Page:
Looking southeast. The buildings on the right are in the U.S., and the buildings on the left of center are in Canada. Can you see that cut line going up the hill behind the Canadian buildings? That's the border.
The sun came about a bit, and you can see that border line better now.
We rode through the village of Arnold, which is an older little community that has been mostly renovated to be barely unrecognizable. Lots of new, much bigger houses, or older ones with total make overs. All very nice though. Lovely gardens too, but I didn't take any pictures. I'm a bit weird about things like that. If it is close up and belongs to someone else, and is personal like a house, I'm a bit uncomfortable taking a picture of it.
We headed west along Old Yale Road, and then north up Lamson road (here just about to pass under the rail trestle at Vye Rd.). We picked up the dyke again for the last bit.
We passed the same blueberry field as in the first picture. They were using a variety of bird scare devices, including a canon or two. They also had this fake hawk attached to a string and a pole. It is made out of something very light, and as the wind blew the hawk would lift up and glide around, and I swear that at one point it's wings moved like a hawk's would when it is hovering and about to strike.
Besides the netting, and the canons, and the fake hawks, there are some other methods blueberry farmers use. One farm out our way hires a falconer to come in with a real bird. Some farms run sound systems playing bird distress calls. We passed one of those, and they are kind of creepy sounding. I don't think I'd like to listen to that all day. The farm down the road from us uses that and cannons. Thankfully we don't hear the distress calls unless we are walking by. Jake doesn't like them. Some farms tie long lines of metallic streamers over the rows. They are silver on one side and red on the other, and twist and turn flashing the two colours.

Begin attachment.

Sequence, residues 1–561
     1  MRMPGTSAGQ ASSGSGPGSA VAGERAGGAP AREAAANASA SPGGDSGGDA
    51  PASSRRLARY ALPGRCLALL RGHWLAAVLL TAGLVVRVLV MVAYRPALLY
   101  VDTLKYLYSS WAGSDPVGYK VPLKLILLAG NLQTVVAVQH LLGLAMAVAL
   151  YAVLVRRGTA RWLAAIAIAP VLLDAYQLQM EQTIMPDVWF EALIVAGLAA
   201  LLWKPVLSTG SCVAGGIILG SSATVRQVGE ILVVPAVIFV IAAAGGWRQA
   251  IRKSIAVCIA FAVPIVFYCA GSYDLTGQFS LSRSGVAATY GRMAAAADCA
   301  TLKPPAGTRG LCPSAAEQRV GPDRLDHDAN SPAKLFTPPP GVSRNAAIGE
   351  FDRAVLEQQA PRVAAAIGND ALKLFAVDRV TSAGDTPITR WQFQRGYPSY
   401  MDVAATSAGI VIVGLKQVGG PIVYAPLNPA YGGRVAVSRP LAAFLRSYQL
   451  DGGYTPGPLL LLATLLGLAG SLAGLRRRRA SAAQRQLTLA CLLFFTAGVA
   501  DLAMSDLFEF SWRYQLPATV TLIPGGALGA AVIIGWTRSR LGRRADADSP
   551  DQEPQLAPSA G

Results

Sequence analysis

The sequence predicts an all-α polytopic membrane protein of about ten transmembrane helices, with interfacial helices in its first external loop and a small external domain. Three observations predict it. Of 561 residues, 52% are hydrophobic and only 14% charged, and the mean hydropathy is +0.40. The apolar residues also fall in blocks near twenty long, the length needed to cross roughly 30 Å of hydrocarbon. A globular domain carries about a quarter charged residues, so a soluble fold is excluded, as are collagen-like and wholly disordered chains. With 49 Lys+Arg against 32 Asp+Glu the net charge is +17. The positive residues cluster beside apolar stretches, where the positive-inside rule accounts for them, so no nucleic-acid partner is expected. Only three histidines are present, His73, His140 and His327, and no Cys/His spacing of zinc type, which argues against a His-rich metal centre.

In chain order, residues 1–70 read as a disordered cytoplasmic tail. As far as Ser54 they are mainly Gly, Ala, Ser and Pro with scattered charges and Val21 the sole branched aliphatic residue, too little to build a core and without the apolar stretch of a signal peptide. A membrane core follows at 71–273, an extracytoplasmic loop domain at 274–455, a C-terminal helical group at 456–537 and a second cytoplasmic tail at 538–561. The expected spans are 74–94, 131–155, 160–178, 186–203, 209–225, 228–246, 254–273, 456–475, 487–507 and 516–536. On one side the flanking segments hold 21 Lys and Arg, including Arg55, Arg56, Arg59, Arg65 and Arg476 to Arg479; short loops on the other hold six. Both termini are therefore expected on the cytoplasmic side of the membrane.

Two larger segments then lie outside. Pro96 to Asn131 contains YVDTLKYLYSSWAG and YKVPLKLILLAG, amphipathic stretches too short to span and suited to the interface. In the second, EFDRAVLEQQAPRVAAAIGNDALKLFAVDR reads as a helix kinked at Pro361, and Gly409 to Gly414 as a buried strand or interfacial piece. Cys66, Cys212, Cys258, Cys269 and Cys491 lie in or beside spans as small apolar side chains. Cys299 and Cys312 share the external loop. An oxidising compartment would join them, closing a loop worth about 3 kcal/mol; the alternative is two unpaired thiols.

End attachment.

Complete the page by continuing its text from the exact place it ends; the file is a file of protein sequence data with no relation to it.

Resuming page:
The surface on the dyke was good, mostly a packed sandy gravel mix. In one spot we had to ride single file because one track was uncomfortably bumpy.
This sign was at the end of a hedge next to a huge grassy lawn on a farm that we rode past right at the start and end of our ride. Larry pointed out that the area was big enough to hold an agility trial. Where they saying that a person could just let their dogs loose there?
And here's Thursday's photo.
It's what is affectionately known as the Whaling Wall in White Rock. The farmers market starts right by that wall. It was painted by Wyland in 1984, and has been refurbished once since then. Wyland painted 100 whale murals all around the world, you can see them here. Unfortunately some are now in bad shape or no longer exist.
And if you want more information about that Living Wall that I took a picture of last week, there was a big article in the Vancouver Sun newspaper on the weekend.
Seems they use a different plant containment method than the wall at the airport. And just to clarify, even though the article talks about the wall being in White Rock, it is actually in Surrey, 1/4 mile north of the White Rock/Surrey border.
My original blurb is below. This blog was started to show some of our customers where their food is coming from. But...since there aren't actually many of our customers reading it, and just because I wanted to... this blog now is all over the map. Lots of dog stuff, places we go, things we do, and of course gardening and animal stuff, and whatever else I feel like rambling on about.
We live on a 10 acre hobby farm in the Bradner area of Abbotsford, British Columbia. We are vendors at the Abbotsford and the White Rock Farmer's markets, selling a large variety of items. These include jams, jellies and marmalades, sewn items, free range eggs, cut flower bouquets, fresh vegetables, herbs and fruit. We grow organically, although are not certified organic. At the present moment our hobby farm houses 4 adult humans, 3 dogs, 1 cat, 4 ewes, 1 horse and 80-99 laying hens.